From Bill Center of the San Diego Union-Tribune comes word that the Padres are “close to” agreement on a contract with free agent catcher Gregg Zaun.
Zaun drew interest from the Cardinals and Mariners back in early December, but those talks never went anywhere and he’s been off the radar for the past month-plus. The Cards eventually went with Gerald Laird as their new backup to Yadier Molina and the M’s settled on Miguel Olivo.
Zaun, 40 in April, was hampered by a serious shoulder injury last season in Milwaukee and batted just .265/.350/.392 with two home runs and 14 RBI while making only 117 plate appearances.
He’s better than those numbers, but not by much.
The veteran will have to battle Rob Johnson and Guillermo Quiroz during spring training for the No. 2 gig behind starting catcher Nick Hundley. If Zaun doesn’t succeed, it’s likely that he might consider retirement.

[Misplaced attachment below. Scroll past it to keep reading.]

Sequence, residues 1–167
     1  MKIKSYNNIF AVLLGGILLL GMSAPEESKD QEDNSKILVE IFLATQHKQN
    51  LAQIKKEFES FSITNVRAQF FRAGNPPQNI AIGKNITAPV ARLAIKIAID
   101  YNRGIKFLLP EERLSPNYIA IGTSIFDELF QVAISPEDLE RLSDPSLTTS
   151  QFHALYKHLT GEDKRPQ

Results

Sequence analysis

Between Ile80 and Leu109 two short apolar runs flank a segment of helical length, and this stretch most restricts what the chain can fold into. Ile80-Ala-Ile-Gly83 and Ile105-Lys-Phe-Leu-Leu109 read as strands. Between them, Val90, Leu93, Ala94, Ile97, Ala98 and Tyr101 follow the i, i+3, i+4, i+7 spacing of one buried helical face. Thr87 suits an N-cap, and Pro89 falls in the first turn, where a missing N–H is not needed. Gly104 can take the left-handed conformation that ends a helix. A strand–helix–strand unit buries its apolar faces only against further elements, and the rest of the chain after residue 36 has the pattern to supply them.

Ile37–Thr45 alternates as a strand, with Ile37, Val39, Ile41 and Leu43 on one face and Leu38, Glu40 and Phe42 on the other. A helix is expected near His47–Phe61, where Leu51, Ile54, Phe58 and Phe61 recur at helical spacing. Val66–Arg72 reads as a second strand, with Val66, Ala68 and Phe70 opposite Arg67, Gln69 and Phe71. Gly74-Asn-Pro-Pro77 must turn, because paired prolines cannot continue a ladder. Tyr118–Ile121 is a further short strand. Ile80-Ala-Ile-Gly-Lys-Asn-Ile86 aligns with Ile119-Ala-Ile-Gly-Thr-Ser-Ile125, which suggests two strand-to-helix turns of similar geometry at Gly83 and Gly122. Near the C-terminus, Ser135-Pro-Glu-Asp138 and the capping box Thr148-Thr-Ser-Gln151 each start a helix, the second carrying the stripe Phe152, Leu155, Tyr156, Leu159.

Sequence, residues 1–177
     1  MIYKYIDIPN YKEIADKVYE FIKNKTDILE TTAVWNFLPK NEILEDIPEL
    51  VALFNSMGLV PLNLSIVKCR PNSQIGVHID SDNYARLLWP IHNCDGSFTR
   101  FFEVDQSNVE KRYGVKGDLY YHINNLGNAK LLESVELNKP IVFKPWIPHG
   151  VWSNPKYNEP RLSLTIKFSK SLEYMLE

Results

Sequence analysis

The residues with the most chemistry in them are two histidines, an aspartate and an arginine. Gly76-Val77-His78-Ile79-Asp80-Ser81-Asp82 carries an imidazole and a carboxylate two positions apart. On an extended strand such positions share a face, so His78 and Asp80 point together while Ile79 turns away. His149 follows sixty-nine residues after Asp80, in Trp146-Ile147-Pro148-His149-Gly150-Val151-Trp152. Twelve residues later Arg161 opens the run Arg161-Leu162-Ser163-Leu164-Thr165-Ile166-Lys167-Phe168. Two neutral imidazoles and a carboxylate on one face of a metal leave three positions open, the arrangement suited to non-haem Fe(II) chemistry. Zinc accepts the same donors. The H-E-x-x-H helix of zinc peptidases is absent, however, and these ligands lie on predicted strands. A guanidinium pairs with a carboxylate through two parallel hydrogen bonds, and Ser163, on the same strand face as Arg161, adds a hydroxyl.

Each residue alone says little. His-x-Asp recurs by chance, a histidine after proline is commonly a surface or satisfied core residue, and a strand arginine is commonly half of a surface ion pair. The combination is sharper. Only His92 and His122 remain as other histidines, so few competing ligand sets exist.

Ken Rosenthal of The Athletic reports that the Twins have picked up free agent left-hander Martín Pérez on a one-year deal. Financial terms of the deal have yet to be announced, but it looks like a club option is included for the 2020 season. The Twins have not officially confirmed the signing.
Pérez, 27, missed 85 days of the Rangers’ 2018 campaign after undergoing elbow surgery on his non-throwing arm. He sustained the injury partway through the 2017 offseason; as the story goes, he was charged by a bull at his ranch in Venezuela and fell on his right arm as he was trying to get out of the animal’s path. (He later killed and ate said bull.) When he finally returned to the mound, he cobbled together a 2-7 record in 15 starts with a 6.22 ERA, 3.8 BB/9, 5.5 SO/9, and career-low -0.2 fWAR through 85 1/3 innings out of the rotation and bullpen.
As they approach the start of the 2019 season, the Twins will be looking for something a little more, well, bullish from Pérez. Prior to his injury, he turned in two solid seasons with the Rangers in 2016 and 2017, nearing the 200-inning threshold in both campaigns and providing a combined value of 4.2 fWAR at a time when Texas’ starters collectively ranked sixth-worst in the league.